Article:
If you're someone who watches select committee hearings on Parliament TV (I confess I am), you might have noticed an intriguing backdrop to proceedings in the Thatcher Room at Portcullis House. Recently, while watching an evidence session of the Public Administration and Constitutional Affairs Select Committee (PACAC), I was struck by the relevance of the artwork – a tapestry called Democracy, by Pat Taylor – to current debates here on Brexit and the role of Parliament.
These days, in what Julian Baggini has called 'the rise of degenerative democracy', demands that the will of 'the people' must be enacted have led to our constitutional crisis over Brexit in the UK and the demagoguery of President Trump in the US. Populist parties are on the rise throughout the world, threatening the protection of minority rights and interests and norms of good governance and accountability.
Taylor says that some people, including MPs, were baffled why Aristotle's name appears in the tapestry. Some MPs may have included Aristotle in their responses, but also Taylor's intention was to reflect her understanding that Aristotle considered democracy, for all its flaws, as the best form of government, that if individuals pool their virtues they are better at governing as a whole than a few elites. A useful reminder at times like these, when little 'virtue' is on display and it is a few elites who have brought the people and our democracy to this sorry impasse. But linking Aristotle and democracy is problematic; aside from the fact that entire parts of the population were excluded from governing, and today his prescription of government by the virtuous can be read as both elitist and as fuel to populist calls for direct rule of the majority.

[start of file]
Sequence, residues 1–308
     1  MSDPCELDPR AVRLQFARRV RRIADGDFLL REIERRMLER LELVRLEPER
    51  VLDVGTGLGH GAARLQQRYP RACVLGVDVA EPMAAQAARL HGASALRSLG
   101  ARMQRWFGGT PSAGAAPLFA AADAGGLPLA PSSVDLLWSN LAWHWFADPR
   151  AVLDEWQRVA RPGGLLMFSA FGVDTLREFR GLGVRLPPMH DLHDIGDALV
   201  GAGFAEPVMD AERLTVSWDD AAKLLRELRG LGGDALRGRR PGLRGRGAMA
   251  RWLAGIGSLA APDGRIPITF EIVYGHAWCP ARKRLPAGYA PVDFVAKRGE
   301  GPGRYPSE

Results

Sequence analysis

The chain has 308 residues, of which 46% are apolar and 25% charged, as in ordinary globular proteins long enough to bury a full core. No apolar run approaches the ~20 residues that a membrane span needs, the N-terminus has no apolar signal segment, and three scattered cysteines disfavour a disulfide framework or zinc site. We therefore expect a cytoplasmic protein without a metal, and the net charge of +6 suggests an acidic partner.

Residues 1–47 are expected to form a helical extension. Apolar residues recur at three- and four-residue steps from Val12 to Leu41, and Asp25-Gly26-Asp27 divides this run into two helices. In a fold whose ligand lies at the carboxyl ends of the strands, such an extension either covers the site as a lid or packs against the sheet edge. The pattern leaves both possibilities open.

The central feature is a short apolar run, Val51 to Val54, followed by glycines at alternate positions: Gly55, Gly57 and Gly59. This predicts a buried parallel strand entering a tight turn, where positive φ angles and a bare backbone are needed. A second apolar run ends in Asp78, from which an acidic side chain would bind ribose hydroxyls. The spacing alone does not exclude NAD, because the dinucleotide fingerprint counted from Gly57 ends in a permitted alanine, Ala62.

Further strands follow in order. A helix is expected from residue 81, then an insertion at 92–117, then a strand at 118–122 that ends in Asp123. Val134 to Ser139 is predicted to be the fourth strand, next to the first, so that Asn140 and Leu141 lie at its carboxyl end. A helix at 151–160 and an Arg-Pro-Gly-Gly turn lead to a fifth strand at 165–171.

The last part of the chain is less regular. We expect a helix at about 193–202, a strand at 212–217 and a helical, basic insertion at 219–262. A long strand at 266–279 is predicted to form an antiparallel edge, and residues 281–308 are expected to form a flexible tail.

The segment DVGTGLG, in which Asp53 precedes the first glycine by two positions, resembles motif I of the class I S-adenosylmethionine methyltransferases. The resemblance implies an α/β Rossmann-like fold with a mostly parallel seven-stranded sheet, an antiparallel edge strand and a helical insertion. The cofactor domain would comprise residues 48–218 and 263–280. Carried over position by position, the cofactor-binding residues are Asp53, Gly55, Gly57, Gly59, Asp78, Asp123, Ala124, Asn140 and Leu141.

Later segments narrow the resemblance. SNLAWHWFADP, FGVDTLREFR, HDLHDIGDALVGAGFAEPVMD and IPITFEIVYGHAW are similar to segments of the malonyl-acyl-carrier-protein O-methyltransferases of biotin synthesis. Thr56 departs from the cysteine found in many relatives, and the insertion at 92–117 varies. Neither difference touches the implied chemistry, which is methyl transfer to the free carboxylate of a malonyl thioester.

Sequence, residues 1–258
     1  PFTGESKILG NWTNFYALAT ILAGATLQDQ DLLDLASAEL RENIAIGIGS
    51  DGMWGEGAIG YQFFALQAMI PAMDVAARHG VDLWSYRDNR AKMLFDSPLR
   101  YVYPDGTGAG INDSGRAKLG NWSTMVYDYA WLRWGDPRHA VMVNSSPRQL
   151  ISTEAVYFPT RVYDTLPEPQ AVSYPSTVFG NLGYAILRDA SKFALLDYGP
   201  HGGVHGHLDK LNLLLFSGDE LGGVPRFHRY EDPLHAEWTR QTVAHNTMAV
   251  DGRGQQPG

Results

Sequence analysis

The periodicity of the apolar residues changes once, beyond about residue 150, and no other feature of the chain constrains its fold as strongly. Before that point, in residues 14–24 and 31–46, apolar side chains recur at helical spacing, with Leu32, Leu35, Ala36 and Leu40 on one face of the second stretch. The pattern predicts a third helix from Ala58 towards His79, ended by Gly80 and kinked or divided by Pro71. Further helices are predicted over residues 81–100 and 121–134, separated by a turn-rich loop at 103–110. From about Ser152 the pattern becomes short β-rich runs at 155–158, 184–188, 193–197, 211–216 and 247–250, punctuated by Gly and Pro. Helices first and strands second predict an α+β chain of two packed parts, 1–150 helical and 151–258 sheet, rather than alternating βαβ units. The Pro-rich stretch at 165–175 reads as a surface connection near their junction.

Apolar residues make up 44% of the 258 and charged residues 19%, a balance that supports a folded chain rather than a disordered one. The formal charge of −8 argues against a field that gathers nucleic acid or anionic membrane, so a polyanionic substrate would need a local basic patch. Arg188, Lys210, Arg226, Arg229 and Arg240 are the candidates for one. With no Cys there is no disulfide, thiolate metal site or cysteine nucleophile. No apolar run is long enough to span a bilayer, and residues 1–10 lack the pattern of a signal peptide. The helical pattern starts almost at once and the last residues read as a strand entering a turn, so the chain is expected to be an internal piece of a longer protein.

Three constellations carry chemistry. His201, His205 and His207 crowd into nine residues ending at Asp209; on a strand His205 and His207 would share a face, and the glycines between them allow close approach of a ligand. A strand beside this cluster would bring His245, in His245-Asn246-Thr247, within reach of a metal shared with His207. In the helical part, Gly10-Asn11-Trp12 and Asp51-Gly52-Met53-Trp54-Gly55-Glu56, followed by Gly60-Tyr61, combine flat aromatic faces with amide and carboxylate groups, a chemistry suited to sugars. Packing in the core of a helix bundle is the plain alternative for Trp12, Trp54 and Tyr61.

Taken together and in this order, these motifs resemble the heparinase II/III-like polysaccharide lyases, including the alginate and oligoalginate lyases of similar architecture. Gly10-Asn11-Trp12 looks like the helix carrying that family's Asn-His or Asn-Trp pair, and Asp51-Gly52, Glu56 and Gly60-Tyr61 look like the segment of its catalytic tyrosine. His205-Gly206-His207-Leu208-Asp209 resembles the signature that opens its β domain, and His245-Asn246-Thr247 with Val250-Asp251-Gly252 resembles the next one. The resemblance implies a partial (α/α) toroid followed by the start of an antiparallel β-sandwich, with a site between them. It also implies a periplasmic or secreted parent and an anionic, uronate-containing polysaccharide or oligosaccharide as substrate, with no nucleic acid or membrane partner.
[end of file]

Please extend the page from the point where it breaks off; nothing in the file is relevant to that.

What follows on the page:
For some, the referendum on the EU in 2016 was sold as an opportunity to restore Parliamentary sovereignty; its result is now being used to undermine the role of Parliament. As Julian Baggini notes, 'the constitutional obstacles that stand between the expression of the people’s will and its enacting are actually the best protection we have against the tyranny of the many over the few, or of leaders who claim to represent all while really standing only for themselves.'